·        Has a problem. (The Conflict/Antagonist. Look for specific characters and troubles tailored to hurt and challenge this particular character. Remember that an internal conflict often carries a story farther than external troubles.)
·        The person takes her best shot at solving the problem. (The Action)
·        Things get worse.(The Complications, full of surprises, twists, setbacks)
·        Troubles hit rock bottom. (The Pit—which usually awakens The Insight and then The Choice.)
·        The protagonist confronts her opposition (internal and/or external) in a showdown. (The Climax).
·        The story resolves—and in a romance, it typically resolves joyfully. (The End, with perhaps a brief denouement or epilogue).


Learn well this ancient, archetypal structure, which virtually all successful stories follow. Then improvise your heart out.

Story Questions


One can define a good plotline as “likable protagonists with sympathetic hopes and interesting problems, and how they deal with them.” As the late Marion Zimmer Bradley (The Mists of Avalon) defined plot: “Joe gets his ass caught in a bear trap and tries like hell to get it out.”
In effect, every successful story asks and then answers a “story question.” In the example above, the reader meets Joe, who is caught in a bear trap and struggling to get free. Obviously, the story’s question is, Will Joe be able to free himself and survive?  We read on, trusting the author will supply us with a satisfying answer.
If you are not clear on your story’s plot, it is likely because you do not know your story’s questions. Once you ask these questions, you will vividly see where the story’s action must lead to provide the answers. 

Here, then, are some basic story questions to consider when plotting your novel:

Whose story is it? (Who suffers most? Who changes most? Who is most active?) This is the protagonist.

What does this main character badly want?

Who or what gets in the way of her getting it?  This is the antagonist.
(Repeat this list of questions when fleshing out the antagonist.)

What is the internal conflict?
What are the main characters’ weaknesses (limitations, flaws, baggage)? Hint: internal conflict often pushes a story along better than external conflict.

What is the external conflict?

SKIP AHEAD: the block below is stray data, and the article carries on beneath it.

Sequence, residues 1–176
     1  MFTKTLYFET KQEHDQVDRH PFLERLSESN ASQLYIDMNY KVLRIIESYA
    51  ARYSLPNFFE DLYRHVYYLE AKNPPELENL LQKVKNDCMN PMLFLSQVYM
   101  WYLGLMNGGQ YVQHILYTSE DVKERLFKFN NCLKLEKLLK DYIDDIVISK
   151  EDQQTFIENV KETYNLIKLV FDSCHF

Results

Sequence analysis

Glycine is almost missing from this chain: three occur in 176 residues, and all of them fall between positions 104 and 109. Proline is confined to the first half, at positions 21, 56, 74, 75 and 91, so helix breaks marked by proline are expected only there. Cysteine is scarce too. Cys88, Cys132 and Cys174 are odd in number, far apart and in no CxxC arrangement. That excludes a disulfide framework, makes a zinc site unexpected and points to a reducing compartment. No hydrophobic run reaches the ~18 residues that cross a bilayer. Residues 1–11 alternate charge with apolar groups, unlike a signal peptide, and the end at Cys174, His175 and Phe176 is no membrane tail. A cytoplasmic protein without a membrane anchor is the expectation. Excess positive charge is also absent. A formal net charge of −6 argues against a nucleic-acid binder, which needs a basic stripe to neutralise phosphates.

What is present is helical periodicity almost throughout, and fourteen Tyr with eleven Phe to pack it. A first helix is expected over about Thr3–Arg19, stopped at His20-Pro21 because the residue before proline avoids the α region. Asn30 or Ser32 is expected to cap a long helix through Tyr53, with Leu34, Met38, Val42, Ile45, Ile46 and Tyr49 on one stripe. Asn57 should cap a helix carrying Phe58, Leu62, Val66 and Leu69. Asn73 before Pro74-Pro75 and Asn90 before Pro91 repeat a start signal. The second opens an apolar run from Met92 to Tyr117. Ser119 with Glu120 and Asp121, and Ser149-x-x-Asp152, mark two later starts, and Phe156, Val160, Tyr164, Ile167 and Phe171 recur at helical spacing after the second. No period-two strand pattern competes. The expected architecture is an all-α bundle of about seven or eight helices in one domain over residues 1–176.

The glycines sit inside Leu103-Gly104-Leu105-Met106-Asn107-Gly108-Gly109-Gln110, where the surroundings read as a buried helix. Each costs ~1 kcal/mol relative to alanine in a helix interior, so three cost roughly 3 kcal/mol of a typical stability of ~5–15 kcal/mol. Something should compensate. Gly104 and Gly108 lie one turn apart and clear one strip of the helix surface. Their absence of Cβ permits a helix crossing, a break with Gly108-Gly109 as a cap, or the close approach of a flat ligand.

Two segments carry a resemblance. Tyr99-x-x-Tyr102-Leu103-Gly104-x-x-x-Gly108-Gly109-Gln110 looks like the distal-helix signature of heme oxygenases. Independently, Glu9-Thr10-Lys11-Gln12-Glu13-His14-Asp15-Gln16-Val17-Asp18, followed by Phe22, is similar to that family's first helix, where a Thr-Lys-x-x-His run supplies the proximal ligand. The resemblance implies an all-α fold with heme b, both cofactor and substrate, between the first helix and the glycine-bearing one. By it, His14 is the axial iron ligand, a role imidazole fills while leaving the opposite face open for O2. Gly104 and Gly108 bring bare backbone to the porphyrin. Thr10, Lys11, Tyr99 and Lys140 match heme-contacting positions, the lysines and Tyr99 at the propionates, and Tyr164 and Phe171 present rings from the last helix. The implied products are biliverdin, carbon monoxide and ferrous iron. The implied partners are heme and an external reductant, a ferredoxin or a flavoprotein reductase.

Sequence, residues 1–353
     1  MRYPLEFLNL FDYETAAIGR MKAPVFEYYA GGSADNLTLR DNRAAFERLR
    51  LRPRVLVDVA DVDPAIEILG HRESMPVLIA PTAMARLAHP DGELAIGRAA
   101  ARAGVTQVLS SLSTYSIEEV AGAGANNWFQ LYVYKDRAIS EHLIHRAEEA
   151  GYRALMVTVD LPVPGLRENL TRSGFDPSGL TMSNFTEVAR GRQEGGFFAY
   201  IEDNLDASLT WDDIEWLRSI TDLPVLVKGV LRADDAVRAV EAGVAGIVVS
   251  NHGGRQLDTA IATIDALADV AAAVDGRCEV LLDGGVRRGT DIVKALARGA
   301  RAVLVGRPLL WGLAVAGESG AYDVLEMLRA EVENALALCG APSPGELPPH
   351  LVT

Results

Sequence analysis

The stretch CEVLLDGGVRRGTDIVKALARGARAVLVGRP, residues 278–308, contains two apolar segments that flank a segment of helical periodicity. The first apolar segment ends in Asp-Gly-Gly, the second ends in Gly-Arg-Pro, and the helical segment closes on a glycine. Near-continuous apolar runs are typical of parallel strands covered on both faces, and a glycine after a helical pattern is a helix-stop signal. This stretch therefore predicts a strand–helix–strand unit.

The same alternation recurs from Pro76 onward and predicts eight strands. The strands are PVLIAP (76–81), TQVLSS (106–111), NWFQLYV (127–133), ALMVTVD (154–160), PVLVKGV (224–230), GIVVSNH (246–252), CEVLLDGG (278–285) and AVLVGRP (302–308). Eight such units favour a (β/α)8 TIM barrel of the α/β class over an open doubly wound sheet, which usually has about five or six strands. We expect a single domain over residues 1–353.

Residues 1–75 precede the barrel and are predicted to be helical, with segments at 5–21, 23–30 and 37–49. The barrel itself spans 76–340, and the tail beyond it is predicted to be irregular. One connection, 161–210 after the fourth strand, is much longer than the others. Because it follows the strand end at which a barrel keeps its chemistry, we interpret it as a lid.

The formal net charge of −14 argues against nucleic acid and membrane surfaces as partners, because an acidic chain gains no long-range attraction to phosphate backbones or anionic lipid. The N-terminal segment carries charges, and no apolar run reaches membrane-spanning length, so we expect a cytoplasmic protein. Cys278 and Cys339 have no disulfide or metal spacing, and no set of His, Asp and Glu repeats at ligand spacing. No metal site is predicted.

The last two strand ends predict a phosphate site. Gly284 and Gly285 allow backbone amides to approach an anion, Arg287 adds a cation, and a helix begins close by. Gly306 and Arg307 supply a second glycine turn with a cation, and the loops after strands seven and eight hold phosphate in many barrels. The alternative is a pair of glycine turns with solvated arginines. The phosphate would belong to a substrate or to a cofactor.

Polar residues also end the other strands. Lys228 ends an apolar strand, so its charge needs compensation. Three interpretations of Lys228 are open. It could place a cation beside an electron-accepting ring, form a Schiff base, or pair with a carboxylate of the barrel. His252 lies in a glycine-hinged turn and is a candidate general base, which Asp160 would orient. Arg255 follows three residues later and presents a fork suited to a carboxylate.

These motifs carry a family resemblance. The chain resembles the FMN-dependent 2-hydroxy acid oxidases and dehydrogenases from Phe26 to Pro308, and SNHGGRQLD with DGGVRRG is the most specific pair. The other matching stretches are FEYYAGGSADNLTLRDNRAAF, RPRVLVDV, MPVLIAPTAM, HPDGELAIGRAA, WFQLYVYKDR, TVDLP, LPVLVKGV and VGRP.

What are the confrontations? The setbacks? (What goes wrong with the plans?)
Are there any twists (unexpected obstacles that make things more complicated)?

How do things keep getting worse?
What is the worst thing that can happen to this particular character? (Not just any nightmare, but this specific character’s worst nightmare.) Is time running out?

What is the revelation? (The insight, the new understanding of self or world.)

What is the choice? (The revelation, above, leads to a decisionoften a change in character.)

What is the showdown?

How does it finally end? You may not know when you begin Chapter One. That’s okay. Some authors don’t want to know the end ahead of time. Trust that the resolution will come to you as you develop your characters and their tale comes alive.

The reader wants to learn the overall “story question” early in the tale, because this major question runs the length of the whole story, driving the action (and the reader’s interest). Additionally, the most compelling stories have minor questions embedded in every chapter or even every scene (“Will she grab his attention? Will she land the job?”). Stories that are impossible to put down delay answering the questions set up in one chapter until a later chapter—and by then, of course, the plot evokes more story questions that the reader longs to satisfy. (“How is she going to get out of this mess?”)

You need to consider your story’s questions prior to writing, during the plotting stage of your novel. It doesn’t mean you have to know exactly how the novel is going to unfold or end (and you may not want to know in advance). However, you need confidence the story has enough drive to sustain itself until the climax and final sentence. Musing about your story’s questions will lead you to have a strong sense of the story’s direction, and you will know most of the important consequences and complications that will unfold.  


Wednesday, March 20, 2013

Second Nature




Dolphins. The ancient Native American myth of Kokopelli. Francis Crick's theory of the origin of life on Earth. And this is a love story?

“The book’s large amount of exposition—on everything from nanotechnology to cetacean biology—is smoothly integrated into the fast-paced narrative.” --- Kirkus Reviews

When the heart sees more keenly than the eye, beauty is unexpectedly found.

Gen is a teen-age woman. She is also a bio-warfare research project, designed by Col. Jack Eberhard. Born at Redstone Military Laboratories inside a quarantine unit rated Biohazard Level Four, Gen’s body harbors billions of microscopic organisms that have mutated from her genetically altered cells. The tiny entities in Gen’s tissues control life at the molecular level and Eberhard weekly tests their ability to heal the simulated combat wounds he inflicts on her.

When a deadly threat forces Gen to escape the lab, she discovers that her marvelous power to reconstruct living tissue, from proteins to cells to whole organs, enables her to transform herself bodily into any animal whose DNA she collects through a simple touch.

While in the form of a dolphin, Gen saves dolphin researcher Cade Seaborne from drowning. Her heartfelt attraction to him compels her to spontaneously shape-shift back into human form; but the morphing is incomplete and Cade encounters Gen as a woman with her head and face hideously deformed.

As Gen struggles with her dilemma of falling in love with a kind-hearted man who nonetheless regards her as pitifully ugly, the evolving microscopic life-forms inside her compel her to complete a frightening journey to fulfill their mysterious mission. Meanwhile, Eberhard has tracked down Gen and he’s sending in Special Forces to carry out a priority-one Executive Order: capture and destroy his dangerous experiment. When Cade at last recognizes beauty behind the mask of a beast, he’ll give his life to protect the unusual woman he cherishes. And he learns that love has its own transformative power.